On the heels of Friday’s disappointing April employment report from the Bureau of Labor Statistics and a paltry estimate of 0.5 percent GDP growth for the first quarter, the Federal Reserve Bank of New York reported in the April Survey of Consumer Expectations (SCE) on Monday that consumers’ expectations of the labor market had deteriorated slightly.
The good news is that expectations for both income growth and spending growth increased, despite the declining expectations for the labor market and the weak Q1 GDP growth, according to the latest SCE.
The BLS employment situation for April reported only 160,000 jobs added plus a downward revision to both February’s and March’s job gains by a combined 19,000, bringing the average monthly total for the last three months down to 200,000. However, average hourly earnings for employees increased by 8 cents in April (after a 6-cent hike in March) up to $25.53, bringing the over-the-year average increase up to 2.5 percent.
The wage growth reported by the BLS correlates with the findings of the latest SCE by the New York Fed, which showed that expected household income growth increased from 2.6 percent in March to 2.8 percent in April—the same levels recorded for the first three quarters of 2015. According to the SCE, middle and higher income respondents drove the increase.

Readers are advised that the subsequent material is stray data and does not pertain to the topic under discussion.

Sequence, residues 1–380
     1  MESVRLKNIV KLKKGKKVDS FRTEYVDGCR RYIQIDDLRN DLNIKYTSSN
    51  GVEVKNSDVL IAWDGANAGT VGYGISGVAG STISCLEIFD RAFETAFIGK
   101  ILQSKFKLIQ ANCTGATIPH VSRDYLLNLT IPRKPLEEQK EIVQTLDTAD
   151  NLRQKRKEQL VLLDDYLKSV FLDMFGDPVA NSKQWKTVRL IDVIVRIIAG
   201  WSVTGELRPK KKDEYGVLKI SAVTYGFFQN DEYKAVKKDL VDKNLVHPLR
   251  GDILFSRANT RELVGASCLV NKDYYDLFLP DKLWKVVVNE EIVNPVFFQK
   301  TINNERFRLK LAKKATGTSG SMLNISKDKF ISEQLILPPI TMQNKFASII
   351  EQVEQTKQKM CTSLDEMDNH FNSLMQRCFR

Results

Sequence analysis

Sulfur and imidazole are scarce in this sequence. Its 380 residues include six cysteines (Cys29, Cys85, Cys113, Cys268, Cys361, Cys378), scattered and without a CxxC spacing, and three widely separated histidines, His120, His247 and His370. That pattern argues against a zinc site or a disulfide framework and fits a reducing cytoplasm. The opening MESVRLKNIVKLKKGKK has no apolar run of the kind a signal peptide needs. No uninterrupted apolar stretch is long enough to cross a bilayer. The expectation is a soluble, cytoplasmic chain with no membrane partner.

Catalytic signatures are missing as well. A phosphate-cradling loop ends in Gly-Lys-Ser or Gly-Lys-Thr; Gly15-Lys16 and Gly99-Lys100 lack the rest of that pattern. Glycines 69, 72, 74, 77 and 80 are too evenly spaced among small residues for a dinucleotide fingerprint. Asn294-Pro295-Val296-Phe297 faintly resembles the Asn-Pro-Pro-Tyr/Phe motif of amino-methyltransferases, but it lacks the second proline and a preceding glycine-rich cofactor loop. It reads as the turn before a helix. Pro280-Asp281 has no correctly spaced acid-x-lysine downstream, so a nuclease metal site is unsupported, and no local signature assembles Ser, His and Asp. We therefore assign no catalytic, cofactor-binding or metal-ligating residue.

Middle and higher income respondents also drove the slight increase in spending growth from 3.4 percent in March up to 3.5 percent in April.
The mean unemployment expectations (probability that the unemployment rate will be higher one year from now) jumped by nearly two full percentage points from March to April, from 37.4 percent up to 39.3 percent. Unemployment expectations have been trending upward since January 2015, according to SCE; however, the actual unemployment rate has fallen from 5.7 percent in January 2015 down to 5.0 percent in April 2016. The U-6 unemployment rate, the most comprehensive measure of unemployment, is at a post-crisis low (9.7 percent) and has remained below 10 percent since October 2015.
The mean probability of losing one’s job in the next 12 months leaped by 1.4 percentage points from March to April, from 14.4 percent up to 15.8 percent, a level not seen since late 2014, according to the SCE. The probability of voluntarily leaving a job in the next 12 months spiked from 20.0 percent up to 23.1 percent from March to April. Both increases were broad-based across demographic groups, according to SCE.
Younger and lower income respondents drove the decline in the mean perceived probability of finding another job if one’s job were to be lost, which dropped from 54.3 percent in March down to 52.9 percent in April—also the lowest level since late 2014.